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Grade: all
Subject: Computer

#2319. Writing and Creating with Power Point

Computer, level: all
Posted Fri Jul 20 03:40:06 PDT 2001 by A. B. Malchiodi Albedi (
Jesse Bethel High School, Vallejo, California, USA
Materials Required: Computers, Power Point, Paper, Pencils, etc.
Activity Time: 3-6 weeks
Concepts Taught: Copyright Law,

Assignment: Create a Power Point "How To..." Manual with a minimum of 15 slides and a maximum of 20 slides. Slides must be animated and the 75 percent of the graphics must be original. If speakers are active on the computers, sound clips should be required. If microphones are available and sound recording possible, students can create their own sound clips to be included.
Objective: Teach the students how to use Power Point creatively to organize and present original ideas. In the process students should learn about copyright law to protect the creative work of artists. Students will have developed a real appreciation for the hard work that copyright law is designed to protect as well as the value of giving due credit for artistic works.
Materials Needed: 1 Computer per student, MS Power Point (or Apple works Presentation Program if you have MACs), Standard Paint program included with most PCs, blank paper, writing implements
Time Needed: 3 weeks to 6 weeks depending upon resources such as class time (traditional vs. block schedules), internet access (to download free or link ware graphics, sound files, etc.) for each computer, teacher ability to demonstrate to the entire class application program features versus one-on-one demonstration. In the absence of a s-video hook up or other means for classroom demonstration, teach 3-6 students one-on-one asking each to then show 3 more students what they just learned. In time, you will reach each student.

Step 1: After explaining to the students about Power Point and offering at least one good example that makes full use of the features available, tell the students that they must prepare a draft copy on paper of their 15-20 slide "how-to" manual. Their "how-to" manual can be serious (How To Prepare A Punjabi Style Chicken Curry, How To Care Baby sit A Three Year Old on a Saturday Afternoon) or it can be approached with a bit of humor (How To Know When You're On A Bad Date, How To Dance Survive And Enjoy A Wedding Reception With Lots of Adults). But all presentations should be in good taste and appropriate.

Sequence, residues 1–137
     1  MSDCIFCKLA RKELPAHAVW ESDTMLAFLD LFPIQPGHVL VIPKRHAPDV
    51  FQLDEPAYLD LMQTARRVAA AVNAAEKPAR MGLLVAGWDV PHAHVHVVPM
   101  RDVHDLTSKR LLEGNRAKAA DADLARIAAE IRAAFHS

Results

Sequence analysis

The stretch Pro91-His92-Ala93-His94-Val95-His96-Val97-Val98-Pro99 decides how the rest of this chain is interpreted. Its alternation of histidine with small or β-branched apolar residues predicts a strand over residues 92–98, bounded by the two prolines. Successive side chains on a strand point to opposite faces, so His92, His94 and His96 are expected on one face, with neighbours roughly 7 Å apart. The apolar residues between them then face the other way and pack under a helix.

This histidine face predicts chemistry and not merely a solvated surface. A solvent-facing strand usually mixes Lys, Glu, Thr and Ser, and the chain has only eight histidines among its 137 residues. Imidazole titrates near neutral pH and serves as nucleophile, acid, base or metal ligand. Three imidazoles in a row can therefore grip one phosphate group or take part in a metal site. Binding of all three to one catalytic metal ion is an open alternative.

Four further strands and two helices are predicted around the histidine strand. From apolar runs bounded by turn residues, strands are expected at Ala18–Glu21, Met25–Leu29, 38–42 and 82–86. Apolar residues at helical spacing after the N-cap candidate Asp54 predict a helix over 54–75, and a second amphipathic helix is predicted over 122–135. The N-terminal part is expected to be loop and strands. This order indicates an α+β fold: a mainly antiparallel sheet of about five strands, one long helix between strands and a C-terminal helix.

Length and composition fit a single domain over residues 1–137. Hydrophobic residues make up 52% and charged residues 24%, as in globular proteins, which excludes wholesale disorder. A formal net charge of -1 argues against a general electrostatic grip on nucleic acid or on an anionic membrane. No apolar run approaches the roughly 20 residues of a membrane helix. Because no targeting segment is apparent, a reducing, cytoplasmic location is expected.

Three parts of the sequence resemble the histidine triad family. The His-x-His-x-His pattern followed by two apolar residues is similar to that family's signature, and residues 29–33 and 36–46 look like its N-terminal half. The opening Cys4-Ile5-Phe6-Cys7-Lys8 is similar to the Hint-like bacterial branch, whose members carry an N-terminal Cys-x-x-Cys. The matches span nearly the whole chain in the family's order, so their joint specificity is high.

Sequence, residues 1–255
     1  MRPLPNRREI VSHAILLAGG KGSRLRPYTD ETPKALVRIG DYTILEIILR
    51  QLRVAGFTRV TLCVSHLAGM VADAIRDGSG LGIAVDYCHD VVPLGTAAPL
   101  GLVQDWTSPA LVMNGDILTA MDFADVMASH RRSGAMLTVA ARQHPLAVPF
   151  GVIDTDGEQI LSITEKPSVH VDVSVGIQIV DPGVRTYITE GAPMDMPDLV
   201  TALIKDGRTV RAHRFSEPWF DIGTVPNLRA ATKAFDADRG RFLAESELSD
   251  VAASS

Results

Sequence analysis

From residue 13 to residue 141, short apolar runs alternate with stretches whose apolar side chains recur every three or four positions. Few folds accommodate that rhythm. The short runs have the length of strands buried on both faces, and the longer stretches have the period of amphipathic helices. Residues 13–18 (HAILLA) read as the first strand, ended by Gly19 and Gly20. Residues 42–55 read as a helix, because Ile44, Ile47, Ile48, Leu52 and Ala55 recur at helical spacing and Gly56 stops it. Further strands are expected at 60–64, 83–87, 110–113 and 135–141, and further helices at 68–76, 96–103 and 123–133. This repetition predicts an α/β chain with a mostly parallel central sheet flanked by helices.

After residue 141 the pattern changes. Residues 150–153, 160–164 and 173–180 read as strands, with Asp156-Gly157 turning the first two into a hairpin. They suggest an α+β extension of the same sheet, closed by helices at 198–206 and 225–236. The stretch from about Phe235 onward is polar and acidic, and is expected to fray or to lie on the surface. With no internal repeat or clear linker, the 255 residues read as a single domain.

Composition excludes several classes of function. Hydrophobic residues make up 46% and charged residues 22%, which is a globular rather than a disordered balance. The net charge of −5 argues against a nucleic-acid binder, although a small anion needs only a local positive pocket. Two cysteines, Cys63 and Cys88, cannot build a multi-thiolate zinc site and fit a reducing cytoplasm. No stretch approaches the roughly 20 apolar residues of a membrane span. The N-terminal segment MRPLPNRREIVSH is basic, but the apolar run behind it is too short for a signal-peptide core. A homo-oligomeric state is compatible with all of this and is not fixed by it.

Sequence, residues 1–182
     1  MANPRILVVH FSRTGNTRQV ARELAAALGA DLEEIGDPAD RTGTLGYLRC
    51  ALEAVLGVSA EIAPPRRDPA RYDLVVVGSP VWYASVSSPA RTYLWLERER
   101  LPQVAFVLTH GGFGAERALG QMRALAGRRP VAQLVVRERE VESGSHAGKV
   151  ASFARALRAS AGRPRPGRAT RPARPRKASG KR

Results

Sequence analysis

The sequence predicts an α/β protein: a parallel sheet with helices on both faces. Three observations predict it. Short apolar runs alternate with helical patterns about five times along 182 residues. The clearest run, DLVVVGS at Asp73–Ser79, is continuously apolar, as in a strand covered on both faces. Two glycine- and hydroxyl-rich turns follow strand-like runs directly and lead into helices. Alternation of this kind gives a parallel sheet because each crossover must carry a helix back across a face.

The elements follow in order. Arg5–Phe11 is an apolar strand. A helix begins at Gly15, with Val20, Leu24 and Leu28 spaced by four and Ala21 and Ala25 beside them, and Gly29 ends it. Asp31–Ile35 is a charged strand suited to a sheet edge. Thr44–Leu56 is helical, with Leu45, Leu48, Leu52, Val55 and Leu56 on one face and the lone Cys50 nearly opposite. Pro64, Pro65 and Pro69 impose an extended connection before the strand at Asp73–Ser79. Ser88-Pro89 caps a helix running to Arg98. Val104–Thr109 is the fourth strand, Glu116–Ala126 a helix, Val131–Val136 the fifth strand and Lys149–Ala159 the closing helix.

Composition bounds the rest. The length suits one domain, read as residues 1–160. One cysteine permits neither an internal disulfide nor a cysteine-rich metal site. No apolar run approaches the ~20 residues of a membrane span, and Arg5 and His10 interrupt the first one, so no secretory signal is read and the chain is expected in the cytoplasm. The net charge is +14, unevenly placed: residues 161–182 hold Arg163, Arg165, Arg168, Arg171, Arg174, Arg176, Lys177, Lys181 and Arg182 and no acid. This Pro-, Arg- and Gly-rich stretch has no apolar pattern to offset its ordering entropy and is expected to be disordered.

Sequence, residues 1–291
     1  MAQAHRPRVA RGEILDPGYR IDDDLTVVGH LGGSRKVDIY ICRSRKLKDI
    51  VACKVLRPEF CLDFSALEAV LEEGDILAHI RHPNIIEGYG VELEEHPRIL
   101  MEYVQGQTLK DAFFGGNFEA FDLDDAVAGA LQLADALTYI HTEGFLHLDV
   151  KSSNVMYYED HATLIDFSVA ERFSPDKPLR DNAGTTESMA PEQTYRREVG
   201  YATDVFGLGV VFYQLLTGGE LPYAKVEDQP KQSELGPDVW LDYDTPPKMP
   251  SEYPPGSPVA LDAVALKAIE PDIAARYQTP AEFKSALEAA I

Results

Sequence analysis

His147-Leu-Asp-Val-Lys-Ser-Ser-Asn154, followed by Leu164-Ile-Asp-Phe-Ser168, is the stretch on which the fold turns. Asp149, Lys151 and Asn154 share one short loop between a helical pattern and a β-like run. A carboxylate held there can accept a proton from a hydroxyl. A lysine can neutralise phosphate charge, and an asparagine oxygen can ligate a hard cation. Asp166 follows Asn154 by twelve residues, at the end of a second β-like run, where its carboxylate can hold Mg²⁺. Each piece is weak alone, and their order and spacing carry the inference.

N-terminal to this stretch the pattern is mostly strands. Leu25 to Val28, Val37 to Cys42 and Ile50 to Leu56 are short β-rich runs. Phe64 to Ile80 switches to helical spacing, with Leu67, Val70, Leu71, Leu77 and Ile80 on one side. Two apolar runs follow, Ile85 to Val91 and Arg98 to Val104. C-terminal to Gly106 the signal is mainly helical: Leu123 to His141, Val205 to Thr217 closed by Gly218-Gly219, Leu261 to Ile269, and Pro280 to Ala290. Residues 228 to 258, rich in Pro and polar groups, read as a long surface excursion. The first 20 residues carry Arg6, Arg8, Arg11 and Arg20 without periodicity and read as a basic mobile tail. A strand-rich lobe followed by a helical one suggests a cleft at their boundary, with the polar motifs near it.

Step 2: Go over the individual rough drafts with students help them establish a rational framework and sequence for their project. Revise, revise, and revise the text as often as needed. The topic chosen must work within the limitations of the 15 to 20 slides. The text is more important at this stage than the drawing abilities of your students. If the basic premise of the "how-to" manual is good, the student can work on his/her graphics until you can firm up the details of the text content for each slide. A poorly planned presentation will have students returning to "the drawing board" again and again, wasting much time and producing a poor quality presentation.

Step 3: Let the students work on their own Power Point projects. They can confer with each other and offer assistance but not make drawings for each other students. Each must develop his/her own graphic talent. Assure students that the most primitive or naive, original graphics are frequently far more interesting and appealing than more polished clip art and graphics, Templates and clip art quickly bore presentation audiences. Do not let students work on this at home.

Student should understand that this is a major project and that it will be graded accordingly.
Elements (weighted?) to be graded must be modified accordingly by each teacher but should include the following:

1) Language Usage (Mechanics, Grammar, etc.)
2) Overall Organization
3) Originality of Topic and Contents
4) Originality of Graphics
5) Quality of Slide Transitions (both within and between slides)
6) Use of Sound (if applicable)
7) When applicable, appropriate credits to sources for content, graphics and sound.

Consider having a school wide or even district-wide "Power Awards Night" (like an Oscars or Emmy's Night) if you have the facilities to host such a ceremony. The competition between students and schools with judges, prizes, ticket sales, etc., can inspire your students to be wonderfully creativity and experience a truly healthy form of competition. The awards ceremony is the time to not only get the parents and community to take notice but to make strong the supporting ties for education with parents and your local business community.

Enjoy-- your students will amaze you and themselves with hidden talents come to light.
Anita Malchiodi Albedi (July 2001)
Teacher and Webmaster
Jesse Bethel High School
Vallejo, California